2016-07-21T11:50:07+00:00

JR makes The Louvre invisible

Chinese architect IM Pei’s glass entrance, first unveiled in 1989, was seen by Parisians, at first, as a tacky, unwanted gimmick, unworthy of the home of the Mona Lisa. Now, 27 years later, The Louvre’s transparent Pyramid is indivisible with one of Paris’ most iconic landmarks. So what better target for the photographic iconoclast JR. The 33-year-old started out as a graffiti artist from the Banlieues – he grew up in Les Bosquets, the son of an Arabic man and French woman. His public artwork is now very quickly becoming rather iconic in itself. For some ten years now, the artist’s photographic collages have been appearing on the walls of cities all over the world. He covered the wall that separates Israeli and Palestinian communities with hundreds of portraits  – Palestinians on the Israeli side, Israelis on the Palestinian side. The intended result was both obvious and, nevertheless, deeply powerful, for no-one could tell the difference between the two sides. He covered Paris’ Pantheon with images of the city’s street-level people. One of the city’s grandest, most ornate people, covered with the expressions of …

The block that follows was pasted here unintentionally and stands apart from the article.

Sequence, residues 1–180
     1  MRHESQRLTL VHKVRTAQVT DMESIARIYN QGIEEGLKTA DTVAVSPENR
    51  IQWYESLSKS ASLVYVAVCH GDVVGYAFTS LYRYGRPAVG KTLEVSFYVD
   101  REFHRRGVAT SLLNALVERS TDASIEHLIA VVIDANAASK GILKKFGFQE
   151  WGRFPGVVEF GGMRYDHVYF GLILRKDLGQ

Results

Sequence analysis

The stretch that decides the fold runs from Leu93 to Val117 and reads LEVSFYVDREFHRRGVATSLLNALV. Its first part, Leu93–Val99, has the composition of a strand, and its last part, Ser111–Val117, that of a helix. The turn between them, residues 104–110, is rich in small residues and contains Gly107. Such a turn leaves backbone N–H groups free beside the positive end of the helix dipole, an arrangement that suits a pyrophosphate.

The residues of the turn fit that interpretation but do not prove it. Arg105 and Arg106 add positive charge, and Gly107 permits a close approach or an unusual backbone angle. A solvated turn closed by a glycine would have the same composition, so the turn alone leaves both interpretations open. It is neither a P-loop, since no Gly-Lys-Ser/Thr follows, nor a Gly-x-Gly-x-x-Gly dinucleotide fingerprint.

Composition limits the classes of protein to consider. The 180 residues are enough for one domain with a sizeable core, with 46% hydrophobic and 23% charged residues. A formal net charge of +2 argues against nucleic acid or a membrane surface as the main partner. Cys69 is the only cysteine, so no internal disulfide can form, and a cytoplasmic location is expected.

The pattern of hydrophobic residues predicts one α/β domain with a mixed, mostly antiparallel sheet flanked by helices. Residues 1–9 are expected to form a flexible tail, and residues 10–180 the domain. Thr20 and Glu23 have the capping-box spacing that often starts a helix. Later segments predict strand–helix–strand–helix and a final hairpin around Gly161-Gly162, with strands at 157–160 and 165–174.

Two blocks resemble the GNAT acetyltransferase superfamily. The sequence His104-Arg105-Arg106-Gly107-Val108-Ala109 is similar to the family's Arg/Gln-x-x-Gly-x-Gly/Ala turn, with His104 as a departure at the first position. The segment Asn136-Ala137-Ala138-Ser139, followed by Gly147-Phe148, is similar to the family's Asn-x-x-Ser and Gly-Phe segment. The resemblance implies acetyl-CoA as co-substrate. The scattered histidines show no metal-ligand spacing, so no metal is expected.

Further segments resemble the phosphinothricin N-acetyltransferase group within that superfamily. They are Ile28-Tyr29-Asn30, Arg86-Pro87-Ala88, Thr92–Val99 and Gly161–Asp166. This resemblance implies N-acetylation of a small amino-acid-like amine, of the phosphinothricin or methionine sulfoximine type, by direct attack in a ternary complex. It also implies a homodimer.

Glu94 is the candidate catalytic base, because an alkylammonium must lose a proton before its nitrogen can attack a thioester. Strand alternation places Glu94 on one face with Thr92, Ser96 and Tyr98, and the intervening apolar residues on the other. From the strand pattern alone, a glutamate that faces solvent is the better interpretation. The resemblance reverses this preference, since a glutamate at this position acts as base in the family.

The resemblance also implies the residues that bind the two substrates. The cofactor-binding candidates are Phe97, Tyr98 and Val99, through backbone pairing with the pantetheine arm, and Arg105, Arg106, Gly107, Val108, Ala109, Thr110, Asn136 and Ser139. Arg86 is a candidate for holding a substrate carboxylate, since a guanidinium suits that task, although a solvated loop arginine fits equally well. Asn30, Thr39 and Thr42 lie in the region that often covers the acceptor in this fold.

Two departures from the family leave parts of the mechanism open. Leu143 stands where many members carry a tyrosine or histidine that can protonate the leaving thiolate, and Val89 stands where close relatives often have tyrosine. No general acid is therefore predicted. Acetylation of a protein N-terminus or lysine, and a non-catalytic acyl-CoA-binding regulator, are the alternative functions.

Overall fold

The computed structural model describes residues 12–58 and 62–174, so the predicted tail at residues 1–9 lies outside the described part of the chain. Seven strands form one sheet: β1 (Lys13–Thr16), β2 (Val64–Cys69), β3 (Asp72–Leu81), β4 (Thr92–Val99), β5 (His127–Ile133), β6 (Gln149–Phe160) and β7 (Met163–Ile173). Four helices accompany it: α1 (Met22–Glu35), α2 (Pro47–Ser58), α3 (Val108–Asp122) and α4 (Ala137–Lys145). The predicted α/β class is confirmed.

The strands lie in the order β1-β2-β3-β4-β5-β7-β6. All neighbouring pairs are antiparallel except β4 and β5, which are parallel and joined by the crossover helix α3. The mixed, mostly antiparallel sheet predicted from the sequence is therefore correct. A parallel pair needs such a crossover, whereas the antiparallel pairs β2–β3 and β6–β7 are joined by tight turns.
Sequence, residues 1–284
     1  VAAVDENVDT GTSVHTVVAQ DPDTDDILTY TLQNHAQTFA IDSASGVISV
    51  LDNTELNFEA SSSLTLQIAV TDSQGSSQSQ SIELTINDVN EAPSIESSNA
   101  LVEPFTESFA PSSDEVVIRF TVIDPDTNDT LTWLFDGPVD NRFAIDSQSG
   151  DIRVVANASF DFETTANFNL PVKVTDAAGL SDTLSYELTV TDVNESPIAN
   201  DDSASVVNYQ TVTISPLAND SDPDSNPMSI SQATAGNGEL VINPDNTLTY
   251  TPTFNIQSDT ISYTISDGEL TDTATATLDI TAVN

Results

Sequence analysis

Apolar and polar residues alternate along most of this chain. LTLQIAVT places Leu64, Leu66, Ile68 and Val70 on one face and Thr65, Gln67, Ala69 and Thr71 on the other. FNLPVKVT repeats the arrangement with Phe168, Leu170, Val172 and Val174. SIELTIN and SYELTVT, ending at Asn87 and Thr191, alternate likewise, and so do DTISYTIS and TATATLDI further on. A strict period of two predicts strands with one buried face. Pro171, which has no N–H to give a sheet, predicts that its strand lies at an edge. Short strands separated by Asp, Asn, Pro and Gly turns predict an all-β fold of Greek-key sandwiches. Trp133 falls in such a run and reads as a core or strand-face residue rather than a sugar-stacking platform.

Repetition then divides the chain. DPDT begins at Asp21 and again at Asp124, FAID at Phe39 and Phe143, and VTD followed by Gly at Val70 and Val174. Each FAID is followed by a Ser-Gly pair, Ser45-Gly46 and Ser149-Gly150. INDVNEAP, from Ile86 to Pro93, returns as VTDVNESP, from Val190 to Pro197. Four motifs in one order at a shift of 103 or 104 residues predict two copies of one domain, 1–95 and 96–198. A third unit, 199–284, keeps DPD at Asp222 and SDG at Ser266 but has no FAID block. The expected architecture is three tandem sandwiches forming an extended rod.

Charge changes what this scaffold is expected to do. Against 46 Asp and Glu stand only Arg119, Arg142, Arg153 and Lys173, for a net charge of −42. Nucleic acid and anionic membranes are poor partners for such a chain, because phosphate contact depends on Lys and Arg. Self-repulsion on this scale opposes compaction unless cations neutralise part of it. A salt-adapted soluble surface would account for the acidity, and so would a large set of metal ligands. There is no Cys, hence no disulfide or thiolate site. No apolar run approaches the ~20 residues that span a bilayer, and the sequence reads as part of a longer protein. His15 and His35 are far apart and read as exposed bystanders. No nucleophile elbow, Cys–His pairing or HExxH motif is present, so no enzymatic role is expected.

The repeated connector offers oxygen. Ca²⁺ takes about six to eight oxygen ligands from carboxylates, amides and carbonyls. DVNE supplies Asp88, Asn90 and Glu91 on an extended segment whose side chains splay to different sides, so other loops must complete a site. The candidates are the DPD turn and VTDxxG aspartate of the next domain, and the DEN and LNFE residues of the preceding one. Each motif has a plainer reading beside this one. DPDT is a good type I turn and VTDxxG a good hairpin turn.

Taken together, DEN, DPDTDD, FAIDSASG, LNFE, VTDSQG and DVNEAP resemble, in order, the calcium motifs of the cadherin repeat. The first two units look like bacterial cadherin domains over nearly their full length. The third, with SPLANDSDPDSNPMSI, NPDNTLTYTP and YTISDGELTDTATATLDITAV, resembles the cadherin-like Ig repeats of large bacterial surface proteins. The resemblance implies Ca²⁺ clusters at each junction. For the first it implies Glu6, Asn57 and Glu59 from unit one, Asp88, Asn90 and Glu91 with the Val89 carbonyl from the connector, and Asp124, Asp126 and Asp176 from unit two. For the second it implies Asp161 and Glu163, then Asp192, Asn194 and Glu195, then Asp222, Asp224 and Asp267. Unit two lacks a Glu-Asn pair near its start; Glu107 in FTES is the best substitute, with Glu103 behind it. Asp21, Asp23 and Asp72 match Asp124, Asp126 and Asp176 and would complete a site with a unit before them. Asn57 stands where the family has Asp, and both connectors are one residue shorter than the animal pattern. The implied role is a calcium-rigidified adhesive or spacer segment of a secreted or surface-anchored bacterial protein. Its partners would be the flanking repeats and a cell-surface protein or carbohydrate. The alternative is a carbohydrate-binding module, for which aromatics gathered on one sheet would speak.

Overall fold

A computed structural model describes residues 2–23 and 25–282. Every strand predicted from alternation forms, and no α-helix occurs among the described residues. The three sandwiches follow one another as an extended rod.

2016-06-02T14:02:13+00:00

Photographing Modern Belgrade